Tip: Take regular breaks and your ears – and your mix – will thank you.
6. Avoid Mix Presets
We’re used to being inundated with presets within synth plug-in hosts but mix tools such as plug-in compressors, EQs, channel strips and even ‘mastering’ processors now come awash with presets too. How on earth can these ‘know’ your mix from any other? Just as avoiding synth presets as you’re programming will give your tracks a much more personal feel, so dialing up a mix preset called ‘Dream Acoustic Guitar’ or ‘Pop Master’ is highly unlikely to yield a better result that you could achieve yourself through critical listening.
Tip: Every track is different, so no ‘one size fits all’ solution will do.
7. Using a Single ‘Drum’ Track
There are multiple reasons why acoustic drum recording sessions are recorded through so many microphones, one of which is that the mix engineer can have access to individual sounds at the mix stage. Think along similar lines, even if you’re working with electronic drum sources. Once your kit is programmed, duplicate the track, or bounce individual sound stems onto separate audio files, so that you can independently process each element of the kit.
Tip: No single EQ, compression or reverb treatment will suit every sound within your drum arrangement, so split them up to optimise each source at the mix stage.
8. Clear Arrangement, Clear Mind
When programming, we all mute entire tracks, or single regions as we refine our arrangements; it’s part and parcel of the production process. But, when you come to mix, banish the elements which you’ve muted completely. It sounds like a small point but there are two benefits. Firstly, any CPU or memory allocation your computer is devoting to running these muted parts will be freed for additional processing of the parts which do matter. Secondly, a tidy arrangement nearly always makes for a more focused mind.
Tip: Clear up your arrangement and even colour code your regions by instrument type if you like – psychologically, you’ll feel like you’re in charge.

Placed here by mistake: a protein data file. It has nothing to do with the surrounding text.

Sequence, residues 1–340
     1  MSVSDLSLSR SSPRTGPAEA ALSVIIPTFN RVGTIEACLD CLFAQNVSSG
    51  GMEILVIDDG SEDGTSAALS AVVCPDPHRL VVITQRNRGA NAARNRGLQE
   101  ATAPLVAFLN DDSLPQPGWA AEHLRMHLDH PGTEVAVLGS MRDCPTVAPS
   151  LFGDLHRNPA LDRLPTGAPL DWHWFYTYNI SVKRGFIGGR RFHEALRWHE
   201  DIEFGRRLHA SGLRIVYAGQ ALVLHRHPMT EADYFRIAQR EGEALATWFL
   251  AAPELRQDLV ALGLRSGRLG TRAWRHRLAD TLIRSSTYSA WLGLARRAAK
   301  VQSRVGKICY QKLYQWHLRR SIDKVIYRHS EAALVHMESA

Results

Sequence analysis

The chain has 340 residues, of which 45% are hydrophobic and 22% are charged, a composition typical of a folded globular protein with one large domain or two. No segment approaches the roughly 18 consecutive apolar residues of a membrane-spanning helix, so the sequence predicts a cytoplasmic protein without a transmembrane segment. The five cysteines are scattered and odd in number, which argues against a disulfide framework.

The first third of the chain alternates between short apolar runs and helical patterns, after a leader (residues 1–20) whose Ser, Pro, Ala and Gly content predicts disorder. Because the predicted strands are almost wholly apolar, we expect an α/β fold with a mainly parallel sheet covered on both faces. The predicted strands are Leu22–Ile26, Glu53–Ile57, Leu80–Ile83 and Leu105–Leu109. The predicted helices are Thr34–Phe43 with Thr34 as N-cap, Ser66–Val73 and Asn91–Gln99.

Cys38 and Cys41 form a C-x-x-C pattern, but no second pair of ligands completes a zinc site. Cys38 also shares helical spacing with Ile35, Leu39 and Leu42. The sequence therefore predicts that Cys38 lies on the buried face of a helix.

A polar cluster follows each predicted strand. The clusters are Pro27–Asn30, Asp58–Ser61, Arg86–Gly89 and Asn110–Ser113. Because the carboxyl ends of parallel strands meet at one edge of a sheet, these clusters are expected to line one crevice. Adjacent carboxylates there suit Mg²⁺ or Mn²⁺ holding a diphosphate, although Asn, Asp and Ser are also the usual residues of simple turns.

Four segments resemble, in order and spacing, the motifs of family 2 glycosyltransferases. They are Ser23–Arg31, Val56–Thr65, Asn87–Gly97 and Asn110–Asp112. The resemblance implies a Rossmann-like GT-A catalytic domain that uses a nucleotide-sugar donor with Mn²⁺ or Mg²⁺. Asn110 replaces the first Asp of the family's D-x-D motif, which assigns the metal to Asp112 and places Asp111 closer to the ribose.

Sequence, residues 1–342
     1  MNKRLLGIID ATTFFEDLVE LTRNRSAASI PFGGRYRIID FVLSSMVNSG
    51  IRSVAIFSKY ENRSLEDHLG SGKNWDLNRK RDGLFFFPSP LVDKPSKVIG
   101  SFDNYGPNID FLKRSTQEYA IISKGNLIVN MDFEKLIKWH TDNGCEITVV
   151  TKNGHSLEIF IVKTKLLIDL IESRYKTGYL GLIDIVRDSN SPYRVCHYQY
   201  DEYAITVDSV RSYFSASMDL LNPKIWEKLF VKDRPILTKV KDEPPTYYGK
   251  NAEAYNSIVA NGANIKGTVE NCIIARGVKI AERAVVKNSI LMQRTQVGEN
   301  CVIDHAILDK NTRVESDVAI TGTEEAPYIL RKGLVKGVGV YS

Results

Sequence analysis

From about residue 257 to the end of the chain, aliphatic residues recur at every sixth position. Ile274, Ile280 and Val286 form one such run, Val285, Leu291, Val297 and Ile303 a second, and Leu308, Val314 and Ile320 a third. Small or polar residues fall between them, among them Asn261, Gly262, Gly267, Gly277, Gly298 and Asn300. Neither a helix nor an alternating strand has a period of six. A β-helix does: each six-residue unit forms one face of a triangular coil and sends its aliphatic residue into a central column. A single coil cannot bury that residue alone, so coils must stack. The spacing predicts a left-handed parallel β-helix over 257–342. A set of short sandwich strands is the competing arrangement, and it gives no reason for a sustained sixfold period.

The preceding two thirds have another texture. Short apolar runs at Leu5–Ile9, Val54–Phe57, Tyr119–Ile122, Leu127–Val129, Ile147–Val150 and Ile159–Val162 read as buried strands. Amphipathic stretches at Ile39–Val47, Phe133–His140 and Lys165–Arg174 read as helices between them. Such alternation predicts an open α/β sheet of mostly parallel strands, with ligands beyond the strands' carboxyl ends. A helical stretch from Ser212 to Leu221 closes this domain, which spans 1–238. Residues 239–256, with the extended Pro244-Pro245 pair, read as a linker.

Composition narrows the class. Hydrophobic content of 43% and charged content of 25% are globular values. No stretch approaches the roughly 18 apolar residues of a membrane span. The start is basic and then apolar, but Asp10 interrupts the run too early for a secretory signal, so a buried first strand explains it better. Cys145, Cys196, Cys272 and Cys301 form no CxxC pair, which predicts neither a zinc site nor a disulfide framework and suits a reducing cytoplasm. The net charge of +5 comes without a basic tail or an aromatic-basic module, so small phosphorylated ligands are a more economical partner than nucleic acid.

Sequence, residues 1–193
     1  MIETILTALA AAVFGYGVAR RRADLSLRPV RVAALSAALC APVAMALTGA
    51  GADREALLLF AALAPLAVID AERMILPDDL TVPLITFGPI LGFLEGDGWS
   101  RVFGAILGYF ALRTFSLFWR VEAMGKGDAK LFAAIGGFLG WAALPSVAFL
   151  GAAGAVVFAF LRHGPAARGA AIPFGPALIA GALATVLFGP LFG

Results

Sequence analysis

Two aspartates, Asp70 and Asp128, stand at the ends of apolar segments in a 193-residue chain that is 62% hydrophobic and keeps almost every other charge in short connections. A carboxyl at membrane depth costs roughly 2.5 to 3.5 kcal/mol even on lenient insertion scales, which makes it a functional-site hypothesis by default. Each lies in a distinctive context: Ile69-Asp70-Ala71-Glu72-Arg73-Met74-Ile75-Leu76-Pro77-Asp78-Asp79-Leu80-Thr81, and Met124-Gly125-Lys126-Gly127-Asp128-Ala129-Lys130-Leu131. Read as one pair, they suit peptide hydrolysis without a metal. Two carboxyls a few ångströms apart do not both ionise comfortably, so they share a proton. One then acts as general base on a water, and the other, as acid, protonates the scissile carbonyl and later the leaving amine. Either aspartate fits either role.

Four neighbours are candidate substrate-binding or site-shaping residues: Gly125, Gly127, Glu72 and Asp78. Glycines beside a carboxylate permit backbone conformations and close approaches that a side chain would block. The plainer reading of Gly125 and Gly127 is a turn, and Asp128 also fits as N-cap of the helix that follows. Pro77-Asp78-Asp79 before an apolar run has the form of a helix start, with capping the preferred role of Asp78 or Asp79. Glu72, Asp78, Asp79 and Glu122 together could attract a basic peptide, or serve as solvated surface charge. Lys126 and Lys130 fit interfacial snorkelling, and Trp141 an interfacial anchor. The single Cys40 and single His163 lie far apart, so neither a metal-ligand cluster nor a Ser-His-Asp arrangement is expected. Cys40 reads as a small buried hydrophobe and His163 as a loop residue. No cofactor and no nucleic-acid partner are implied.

9. A Mix is Not a Master
Output channel processors designed to inflate and ‘master’ your mix are great but be careful not to introduce these too early in the mix process. It’s interesting – if you ‘mix’ a track with a Loudness Maximizer in place and then bypass it when the mix is finished, you’ll notice that the mix no longer sounds ‘right’ – the dynamic processing such a processor carries out will skew a mix’s balance so that it’s dependent on the processor to sound correct. This means if you’re printing mix stems, or removing your processor when sending your track to be professionally mastered, you might be disappointed with the results.
Tip: Mix your track properly, before even thinking about mastering.
10. Vocals – Compressors Alone Won’t Provide Balance
If there’s a vocal in your mix, it’ll be the element everyone latches onto. Which means its volume needs to be perfect from start to finish. Everyone knows that compressors flatten dynamics but there’s no way that a compressor alone will accurately squeeze volume hard enough to ensure that every vocal phrase sounds balanced.
Tip: Volume automation will be essential and you’ll need lots of it to give the impression that the vocal is effortlessly resting on top of the mix at the right level.
Source: Point Blank